This artist’s concept shows plasma flows around NASA’s Voyager 1 spacecraft as it approaches interstellar space. Image Credit: NASA/JPL-Caltech/JHUAPL

Voyager 1 Enters Final Region Of Our Solar System Before Interstellar Space

By Mike Killian

NASA’s Voyager 1 spacecraft, which left Earth some 35 years ago, continues on an epic journey across the solar system towards an inevitable crossing into interstellar space. The spacecraft has travelled farther than any man-made object ever has, and recent data sent from the spacecraft shows it is now pushing through a new region at the very edge of our known solar system, a “magnetic highway” that scientists feel is the final region before crossing into deep space.

This previously unknown (and unexpected) region at the edge of our solar system is where our sun’s magnetic field lines connect with the magnetic field lines of interstellar space, nicknamed by NASA as the “magnetic highway”. Low-energy charged particles from our solar bubble, known as the heliosphere, zoom out and allow higher-energy particles from interstellar space to zoom in. Before entering this region, the particles would zip around in all directions, but particles from deep space are now streaming over Voyager 1 regularly, something that has not been seen consistently before.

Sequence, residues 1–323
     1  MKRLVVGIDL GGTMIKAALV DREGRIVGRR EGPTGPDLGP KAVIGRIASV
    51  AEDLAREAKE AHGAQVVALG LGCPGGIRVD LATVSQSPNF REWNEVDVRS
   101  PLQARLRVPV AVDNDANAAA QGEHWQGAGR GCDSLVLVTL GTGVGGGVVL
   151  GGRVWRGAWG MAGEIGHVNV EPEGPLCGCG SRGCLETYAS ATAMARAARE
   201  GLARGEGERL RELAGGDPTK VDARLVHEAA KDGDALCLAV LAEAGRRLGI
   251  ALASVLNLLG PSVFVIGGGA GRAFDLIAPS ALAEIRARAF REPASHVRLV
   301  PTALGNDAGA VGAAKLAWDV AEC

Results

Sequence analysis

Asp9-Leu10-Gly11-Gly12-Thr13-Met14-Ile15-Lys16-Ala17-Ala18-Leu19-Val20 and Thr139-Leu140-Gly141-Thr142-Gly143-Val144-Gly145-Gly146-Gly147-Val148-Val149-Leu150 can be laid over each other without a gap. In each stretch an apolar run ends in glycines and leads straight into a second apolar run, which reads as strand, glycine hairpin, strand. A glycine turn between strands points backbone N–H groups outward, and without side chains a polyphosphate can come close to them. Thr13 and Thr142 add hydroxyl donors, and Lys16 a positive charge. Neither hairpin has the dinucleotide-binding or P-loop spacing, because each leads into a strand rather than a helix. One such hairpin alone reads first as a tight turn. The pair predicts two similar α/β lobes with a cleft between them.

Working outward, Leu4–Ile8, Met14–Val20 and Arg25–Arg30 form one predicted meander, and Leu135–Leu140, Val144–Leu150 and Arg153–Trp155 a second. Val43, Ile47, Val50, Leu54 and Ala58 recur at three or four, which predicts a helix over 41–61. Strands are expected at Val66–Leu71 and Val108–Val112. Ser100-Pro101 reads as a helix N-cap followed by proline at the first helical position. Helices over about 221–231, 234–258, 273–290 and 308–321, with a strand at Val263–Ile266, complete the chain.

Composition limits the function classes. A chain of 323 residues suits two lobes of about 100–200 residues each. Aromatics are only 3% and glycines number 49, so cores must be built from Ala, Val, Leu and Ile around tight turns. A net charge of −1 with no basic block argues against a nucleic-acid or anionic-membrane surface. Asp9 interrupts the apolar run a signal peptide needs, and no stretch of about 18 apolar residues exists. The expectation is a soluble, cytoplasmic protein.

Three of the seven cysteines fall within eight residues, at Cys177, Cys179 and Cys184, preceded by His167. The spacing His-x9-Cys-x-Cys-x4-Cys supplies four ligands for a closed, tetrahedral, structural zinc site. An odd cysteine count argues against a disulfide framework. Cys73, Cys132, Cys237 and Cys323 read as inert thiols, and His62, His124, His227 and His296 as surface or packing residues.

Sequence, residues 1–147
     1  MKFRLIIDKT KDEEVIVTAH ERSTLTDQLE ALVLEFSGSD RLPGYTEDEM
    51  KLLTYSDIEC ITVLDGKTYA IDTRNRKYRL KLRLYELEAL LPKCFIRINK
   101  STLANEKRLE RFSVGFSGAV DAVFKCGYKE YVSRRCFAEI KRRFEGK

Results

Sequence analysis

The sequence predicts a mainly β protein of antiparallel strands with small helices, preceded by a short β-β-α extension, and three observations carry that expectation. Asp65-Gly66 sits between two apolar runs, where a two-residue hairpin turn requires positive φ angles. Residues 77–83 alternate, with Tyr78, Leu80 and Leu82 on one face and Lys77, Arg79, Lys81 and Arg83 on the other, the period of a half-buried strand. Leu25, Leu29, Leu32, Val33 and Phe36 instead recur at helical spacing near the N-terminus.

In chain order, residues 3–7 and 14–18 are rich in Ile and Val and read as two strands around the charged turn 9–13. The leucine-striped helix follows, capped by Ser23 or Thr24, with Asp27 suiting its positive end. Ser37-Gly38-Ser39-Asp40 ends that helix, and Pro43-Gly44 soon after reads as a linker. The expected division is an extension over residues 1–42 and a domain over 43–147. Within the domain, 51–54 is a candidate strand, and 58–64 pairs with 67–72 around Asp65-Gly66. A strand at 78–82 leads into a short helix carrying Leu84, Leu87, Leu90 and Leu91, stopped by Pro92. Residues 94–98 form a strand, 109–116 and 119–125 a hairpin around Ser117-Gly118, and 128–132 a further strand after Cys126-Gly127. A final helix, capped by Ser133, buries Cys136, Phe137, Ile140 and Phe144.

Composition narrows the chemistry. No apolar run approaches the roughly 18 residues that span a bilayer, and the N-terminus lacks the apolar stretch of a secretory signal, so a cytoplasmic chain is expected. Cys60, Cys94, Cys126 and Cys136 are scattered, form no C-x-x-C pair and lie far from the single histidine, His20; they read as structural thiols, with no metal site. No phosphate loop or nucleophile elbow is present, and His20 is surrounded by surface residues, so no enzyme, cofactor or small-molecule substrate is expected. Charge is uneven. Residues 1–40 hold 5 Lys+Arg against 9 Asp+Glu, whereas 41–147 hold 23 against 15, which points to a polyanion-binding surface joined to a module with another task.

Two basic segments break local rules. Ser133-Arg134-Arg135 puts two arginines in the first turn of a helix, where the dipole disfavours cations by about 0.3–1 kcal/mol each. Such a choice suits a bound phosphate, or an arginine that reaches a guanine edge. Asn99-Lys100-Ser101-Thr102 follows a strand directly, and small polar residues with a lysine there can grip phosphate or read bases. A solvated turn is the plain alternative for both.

The new data alone does not suggest Voyager 1 has reached interstellar space because the direction of the suns magnetic field lines has not yet changed, but the data does show the region Voyager 1 is traveling through is rapidly changing. The influence of the sun is becoming less and less, while the influence from interstellar space is growing stronger.

Read more: Voyager 1 Enters Final Region Of Our Solar System Before Interstellar Space « AmericaSpace.

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